The U.S. has agreed to settle a dispute with a former Illinois resident who now lives in China over his alleged failure to report foreign bank accounts in Beijing and Hong Kong, the government told an Illinois federal court in U.S. v. Changlin Wu, case number 1:20-cv-04519, in the U.S. District Court for the Northern District of Illinois.
Changlin Wu has agreed to settle in penalties, interest and fines for willful failure to file report of foreign bank and financial account forms for 2011 through 2013, according to the filing by the government.
Wu started a company called Longwoods Resources LLC, referred to as Longwoods US in the complaint, in 2007 and filed federal income tax returns for the three tax years in question. His self-prepared tax returns weren't timely filed, and he also didn't file a Schedule B, listing interest and ordinary dividends, with these tax returns even though he owned bank accounts that earned interest, the government said.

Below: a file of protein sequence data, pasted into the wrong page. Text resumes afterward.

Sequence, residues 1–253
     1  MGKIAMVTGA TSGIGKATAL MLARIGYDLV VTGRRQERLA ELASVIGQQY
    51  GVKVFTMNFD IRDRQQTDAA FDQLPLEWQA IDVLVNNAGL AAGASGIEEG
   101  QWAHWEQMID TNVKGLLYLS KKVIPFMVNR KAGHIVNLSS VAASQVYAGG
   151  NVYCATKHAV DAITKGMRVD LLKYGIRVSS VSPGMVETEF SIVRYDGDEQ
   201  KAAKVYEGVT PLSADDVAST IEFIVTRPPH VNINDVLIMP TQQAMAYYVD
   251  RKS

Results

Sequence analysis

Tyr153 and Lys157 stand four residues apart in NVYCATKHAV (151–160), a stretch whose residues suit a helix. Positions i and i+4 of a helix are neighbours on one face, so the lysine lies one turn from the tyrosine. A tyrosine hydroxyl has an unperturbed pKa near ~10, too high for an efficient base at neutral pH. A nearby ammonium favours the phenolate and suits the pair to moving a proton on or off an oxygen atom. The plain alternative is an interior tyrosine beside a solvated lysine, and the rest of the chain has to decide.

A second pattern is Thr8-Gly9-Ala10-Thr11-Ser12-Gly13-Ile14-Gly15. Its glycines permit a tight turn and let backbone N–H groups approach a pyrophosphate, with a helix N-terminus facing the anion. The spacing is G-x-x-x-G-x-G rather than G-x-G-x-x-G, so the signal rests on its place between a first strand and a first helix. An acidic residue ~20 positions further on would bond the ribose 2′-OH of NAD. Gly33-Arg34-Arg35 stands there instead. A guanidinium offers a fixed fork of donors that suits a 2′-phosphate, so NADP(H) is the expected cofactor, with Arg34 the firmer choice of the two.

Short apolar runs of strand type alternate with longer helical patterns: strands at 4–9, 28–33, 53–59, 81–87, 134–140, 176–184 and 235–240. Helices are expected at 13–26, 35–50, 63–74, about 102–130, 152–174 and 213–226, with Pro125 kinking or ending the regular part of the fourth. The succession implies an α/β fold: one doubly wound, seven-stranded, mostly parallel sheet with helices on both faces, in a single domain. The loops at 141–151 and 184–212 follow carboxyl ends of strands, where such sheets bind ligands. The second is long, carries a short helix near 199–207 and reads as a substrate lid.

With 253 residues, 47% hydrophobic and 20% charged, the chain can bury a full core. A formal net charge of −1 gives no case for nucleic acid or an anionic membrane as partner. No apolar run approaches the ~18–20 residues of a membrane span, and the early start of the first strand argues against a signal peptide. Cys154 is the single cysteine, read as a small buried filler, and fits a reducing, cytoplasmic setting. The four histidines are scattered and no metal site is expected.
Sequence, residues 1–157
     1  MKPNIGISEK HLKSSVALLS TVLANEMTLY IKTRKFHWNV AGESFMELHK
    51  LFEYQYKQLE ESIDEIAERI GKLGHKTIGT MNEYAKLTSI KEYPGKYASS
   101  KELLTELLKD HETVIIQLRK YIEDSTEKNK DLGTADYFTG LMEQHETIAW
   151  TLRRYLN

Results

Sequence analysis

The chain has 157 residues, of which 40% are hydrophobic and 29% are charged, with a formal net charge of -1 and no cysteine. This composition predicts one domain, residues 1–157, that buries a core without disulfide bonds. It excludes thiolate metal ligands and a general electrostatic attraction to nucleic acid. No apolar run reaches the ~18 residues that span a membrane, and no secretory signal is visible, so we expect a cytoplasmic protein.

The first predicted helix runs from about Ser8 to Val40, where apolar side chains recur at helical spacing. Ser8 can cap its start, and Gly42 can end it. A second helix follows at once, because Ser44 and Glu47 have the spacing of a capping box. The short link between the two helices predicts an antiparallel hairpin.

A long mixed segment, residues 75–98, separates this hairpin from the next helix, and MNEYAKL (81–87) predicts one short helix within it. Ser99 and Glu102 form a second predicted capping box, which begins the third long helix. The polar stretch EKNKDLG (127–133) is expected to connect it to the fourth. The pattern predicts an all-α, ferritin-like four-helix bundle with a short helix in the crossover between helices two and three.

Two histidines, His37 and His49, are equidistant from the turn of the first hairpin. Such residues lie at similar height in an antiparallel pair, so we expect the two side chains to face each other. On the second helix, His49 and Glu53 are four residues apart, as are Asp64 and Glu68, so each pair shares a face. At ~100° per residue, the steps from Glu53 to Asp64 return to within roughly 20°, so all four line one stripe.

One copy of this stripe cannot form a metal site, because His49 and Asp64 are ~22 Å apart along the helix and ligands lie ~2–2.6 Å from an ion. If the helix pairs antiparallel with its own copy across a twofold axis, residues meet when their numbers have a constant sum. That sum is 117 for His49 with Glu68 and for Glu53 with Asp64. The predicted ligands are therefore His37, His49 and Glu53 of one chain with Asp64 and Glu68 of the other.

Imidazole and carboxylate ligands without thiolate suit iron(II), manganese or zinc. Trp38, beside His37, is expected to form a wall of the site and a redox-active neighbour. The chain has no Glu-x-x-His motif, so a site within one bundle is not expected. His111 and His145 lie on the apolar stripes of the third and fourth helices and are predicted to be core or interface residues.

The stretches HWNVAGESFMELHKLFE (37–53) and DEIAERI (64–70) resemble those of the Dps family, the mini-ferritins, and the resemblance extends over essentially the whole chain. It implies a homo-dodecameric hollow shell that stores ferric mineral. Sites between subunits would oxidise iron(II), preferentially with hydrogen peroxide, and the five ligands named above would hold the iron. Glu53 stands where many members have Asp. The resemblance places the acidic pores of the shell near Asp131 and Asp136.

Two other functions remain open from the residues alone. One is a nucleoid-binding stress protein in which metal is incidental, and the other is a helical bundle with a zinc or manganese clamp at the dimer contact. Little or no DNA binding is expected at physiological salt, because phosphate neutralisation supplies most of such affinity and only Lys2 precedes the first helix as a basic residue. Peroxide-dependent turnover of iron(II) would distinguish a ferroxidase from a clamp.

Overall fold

In October 2014, Wu told the Internal Revenue Service in an interview that he had one foreign bank account with the Bank of China in the name of a company called Longwoods Science & Technology Development Inc., referred to in the complaint as Longwoods China, with an account balance under $10,000. He later gave the IRS bank statements from that account showing a balance of approximately $48,000 in May 2012, the complaint said.
Wu gave conflicting statements about his ownership interests in Longwoods China, initially claiming he owned 19% but later stating he owned 100%, the government said. In addition, he informed the IRS in April 2015 that he held no personal bank accounts in China during 2011 through 2013, according to the complaint.
The government said Wu had an interest in a foreign bank, securities or other financial account during each of the years at issue in which the aggregate balance, at some point during each year, exceeded $10,000. He failed to submit FBARs on time for the three years in question, and the FBARs he eventually submitted didn't disclose all the accounts in which he had an interest during those years or the correct highest balance amounts, the government said.
Wu's failure to submit the FBARs timely and accurately in each instance was willful, the U.S. government asserted.
Read more at: Tax Times blog